Lou Rosenfeld and Peter Morville are working on a third edition of the “Polar Bear” book, aka Information Architecture for the World Wide Web (O’Reilly), and in preparation for this they have posted a brief survey.
I filled it out:
Question 1: What’s obviously new in IA? Over the past five years, what major trend(s) have emerged in the field of information architecture?
- tagging (duh, except we used to call it metadata or keywords, so I guess I really mean user-created tags)
- a greater emphasis on microcontent (as opposed to pages)
Question 2: What’s new in IA that’s not so obvious? Over the past five years, what’s changed in information architecture that hasn’t received the attention it should?
- a more clear division of labor (i.e., a truce) between IAs and graphic designers in the UX realm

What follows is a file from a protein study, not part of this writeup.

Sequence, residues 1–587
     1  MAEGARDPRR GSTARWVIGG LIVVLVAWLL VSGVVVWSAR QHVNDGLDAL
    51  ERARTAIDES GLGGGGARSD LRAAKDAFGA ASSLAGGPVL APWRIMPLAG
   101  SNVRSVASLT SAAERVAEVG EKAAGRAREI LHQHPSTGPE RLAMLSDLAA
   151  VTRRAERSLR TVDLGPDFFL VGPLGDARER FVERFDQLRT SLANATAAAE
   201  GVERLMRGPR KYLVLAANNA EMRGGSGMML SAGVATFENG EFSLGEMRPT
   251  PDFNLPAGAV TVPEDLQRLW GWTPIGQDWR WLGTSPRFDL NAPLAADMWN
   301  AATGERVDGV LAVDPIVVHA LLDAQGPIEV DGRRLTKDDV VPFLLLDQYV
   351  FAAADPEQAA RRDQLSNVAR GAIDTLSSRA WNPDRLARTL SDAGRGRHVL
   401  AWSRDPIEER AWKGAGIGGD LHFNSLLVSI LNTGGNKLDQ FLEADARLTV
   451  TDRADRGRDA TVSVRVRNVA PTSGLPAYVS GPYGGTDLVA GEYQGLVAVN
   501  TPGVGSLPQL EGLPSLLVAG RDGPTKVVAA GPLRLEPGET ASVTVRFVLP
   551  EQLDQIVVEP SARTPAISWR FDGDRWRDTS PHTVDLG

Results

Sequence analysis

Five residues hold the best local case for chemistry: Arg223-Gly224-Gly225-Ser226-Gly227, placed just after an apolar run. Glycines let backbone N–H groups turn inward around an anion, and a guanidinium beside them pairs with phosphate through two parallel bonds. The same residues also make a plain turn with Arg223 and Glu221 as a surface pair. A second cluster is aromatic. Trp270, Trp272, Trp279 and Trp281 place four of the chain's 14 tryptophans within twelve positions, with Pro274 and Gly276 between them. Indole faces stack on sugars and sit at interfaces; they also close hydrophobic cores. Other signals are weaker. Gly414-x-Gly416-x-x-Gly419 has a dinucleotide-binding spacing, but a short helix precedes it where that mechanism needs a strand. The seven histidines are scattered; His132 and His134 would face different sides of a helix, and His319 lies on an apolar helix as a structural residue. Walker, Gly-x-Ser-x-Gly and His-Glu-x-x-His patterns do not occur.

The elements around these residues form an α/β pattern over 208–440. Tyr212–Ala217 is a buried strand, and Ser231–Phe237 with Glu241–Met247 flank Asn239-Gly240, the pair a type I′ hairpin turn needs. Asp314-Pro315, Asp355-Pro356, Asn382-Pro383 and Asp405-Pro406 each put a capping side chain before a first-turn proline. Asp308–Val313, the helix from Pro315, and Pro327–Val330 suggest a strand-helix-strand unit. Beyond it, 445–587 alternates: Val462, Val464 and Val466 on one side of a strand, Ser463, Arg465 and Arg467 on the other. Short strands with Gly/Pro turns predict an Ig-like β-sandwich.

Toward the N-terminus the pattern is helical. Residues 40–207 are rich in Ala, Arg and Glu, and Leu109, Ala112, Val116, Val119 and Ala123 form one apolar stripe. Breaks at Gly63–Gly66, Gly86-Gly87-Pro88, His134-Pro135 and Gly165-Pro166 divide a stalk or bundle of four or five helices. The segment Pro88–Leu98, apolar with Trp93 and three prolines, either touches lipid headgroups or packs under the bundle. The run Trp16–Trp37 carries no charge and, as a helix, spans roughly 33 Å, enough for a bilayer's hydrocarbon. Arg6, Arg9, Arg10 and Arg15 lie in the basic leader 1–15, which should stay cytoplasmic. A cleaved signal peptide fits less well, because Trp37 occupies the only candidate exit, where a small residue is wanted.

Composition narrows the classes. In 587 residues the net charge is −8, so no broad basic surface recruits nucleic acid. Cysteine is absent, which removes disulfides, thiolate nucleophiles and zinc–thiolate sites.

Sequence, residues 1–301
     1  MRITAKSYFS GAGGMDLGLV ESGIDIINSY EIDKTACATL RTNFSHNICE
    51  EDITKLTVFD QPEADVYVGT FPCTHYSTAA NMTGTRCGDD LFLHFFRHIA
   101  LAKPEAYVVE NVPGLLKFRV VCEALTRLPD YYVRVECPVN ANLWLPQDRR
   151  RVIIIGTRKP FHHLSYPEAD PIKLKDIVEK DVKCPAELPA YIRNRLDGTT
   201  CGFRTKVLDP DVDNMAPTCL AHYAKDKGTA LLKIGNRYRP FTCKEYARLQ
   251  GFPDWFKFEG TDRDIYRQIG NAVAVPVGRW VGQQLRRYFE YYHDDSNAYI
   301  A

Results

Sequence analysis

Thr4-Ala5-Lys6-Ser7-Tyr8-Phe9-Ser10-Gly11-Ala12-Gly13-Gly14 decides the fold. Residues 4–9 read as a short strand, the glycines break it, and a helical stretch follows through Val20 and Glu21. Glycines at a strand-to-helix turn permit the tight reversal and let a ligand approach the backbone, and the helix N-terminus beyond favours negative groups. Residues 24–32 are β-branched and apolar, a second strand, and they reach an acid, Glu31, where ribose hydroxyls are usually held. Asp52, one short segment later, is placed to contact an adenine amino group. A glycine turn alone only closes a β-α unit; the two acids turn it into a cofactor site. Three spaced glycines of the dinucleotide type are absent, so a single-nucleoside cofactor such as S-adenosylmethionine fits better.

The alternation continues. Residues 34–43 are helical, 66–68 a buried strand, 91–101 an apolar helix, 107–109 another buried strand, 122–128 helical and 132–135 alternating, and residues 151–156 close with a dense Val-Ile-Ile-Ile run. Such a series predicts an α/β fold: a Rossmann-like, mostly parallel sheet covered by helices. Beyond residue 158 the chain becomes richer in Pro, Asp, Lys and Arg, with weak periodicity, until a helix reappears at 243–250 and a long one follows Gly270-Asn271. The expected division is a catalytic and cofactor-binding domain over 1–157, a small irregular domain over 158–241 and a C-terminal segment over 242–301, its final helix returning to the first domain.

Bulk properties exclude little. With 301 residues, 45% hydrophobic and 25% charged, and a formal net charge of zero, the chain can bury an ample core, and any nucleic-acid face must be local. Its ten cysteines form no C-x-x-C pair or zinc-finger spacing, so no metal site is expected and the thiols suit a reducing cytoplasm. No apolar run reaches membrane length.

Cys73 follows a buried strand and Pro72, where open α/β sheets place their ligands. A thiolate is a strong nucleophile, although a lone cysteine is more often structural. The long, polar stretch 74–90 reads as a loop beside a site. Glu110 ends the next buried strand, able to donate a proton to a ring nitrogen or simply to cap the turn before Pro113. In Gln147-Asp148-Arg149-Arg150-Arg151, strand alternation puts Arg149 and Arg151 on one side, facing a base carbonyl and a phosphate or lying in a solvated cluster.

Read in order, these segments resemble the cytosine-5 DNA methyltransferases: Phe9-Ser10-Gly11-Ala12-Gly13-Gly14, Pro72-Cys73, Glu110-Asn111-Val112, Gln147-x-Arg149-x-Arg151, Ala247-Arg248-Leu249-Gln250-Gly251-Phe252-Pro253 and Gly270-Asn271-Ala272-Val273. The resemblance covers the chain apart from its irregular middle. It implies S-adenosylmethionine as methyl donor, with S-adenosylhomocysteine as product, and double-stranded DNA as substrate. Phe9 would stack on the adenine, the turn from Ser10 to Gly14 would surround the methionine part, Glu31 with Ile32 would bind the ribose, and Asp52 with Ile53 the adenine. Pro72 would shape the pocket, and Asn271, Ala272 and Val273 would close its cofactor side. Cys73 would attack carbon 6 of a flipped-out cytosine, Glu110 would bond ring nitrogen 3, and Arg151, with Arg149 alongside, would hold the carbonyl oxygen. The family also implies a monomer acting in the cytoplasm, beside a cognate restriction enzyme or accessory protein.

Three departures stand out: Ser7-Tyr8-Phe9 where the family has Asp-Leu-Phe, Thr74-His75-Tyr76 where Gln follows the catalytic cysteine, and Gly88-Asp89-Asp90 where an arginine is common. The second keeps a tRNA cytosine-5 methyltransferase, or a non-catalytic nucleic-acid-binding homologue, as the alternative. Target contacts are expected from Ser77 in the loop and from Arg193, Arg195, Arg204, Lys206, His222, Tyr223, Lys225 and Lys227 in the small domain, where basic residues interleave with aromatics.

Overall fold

- a subtle shift toward empirical validating and analysis of information architectures (such as via user-acceptance and A/B testing) supplanting the guru-centric intuition-driven approach.
Comments: Anything else you’d like to add or suggest?
IAs should be careful not to define the life out of their discipline and not to take themselves so seriously that they forget that the Web is still an incredibly new medium and that we have a great deal more to learn from it.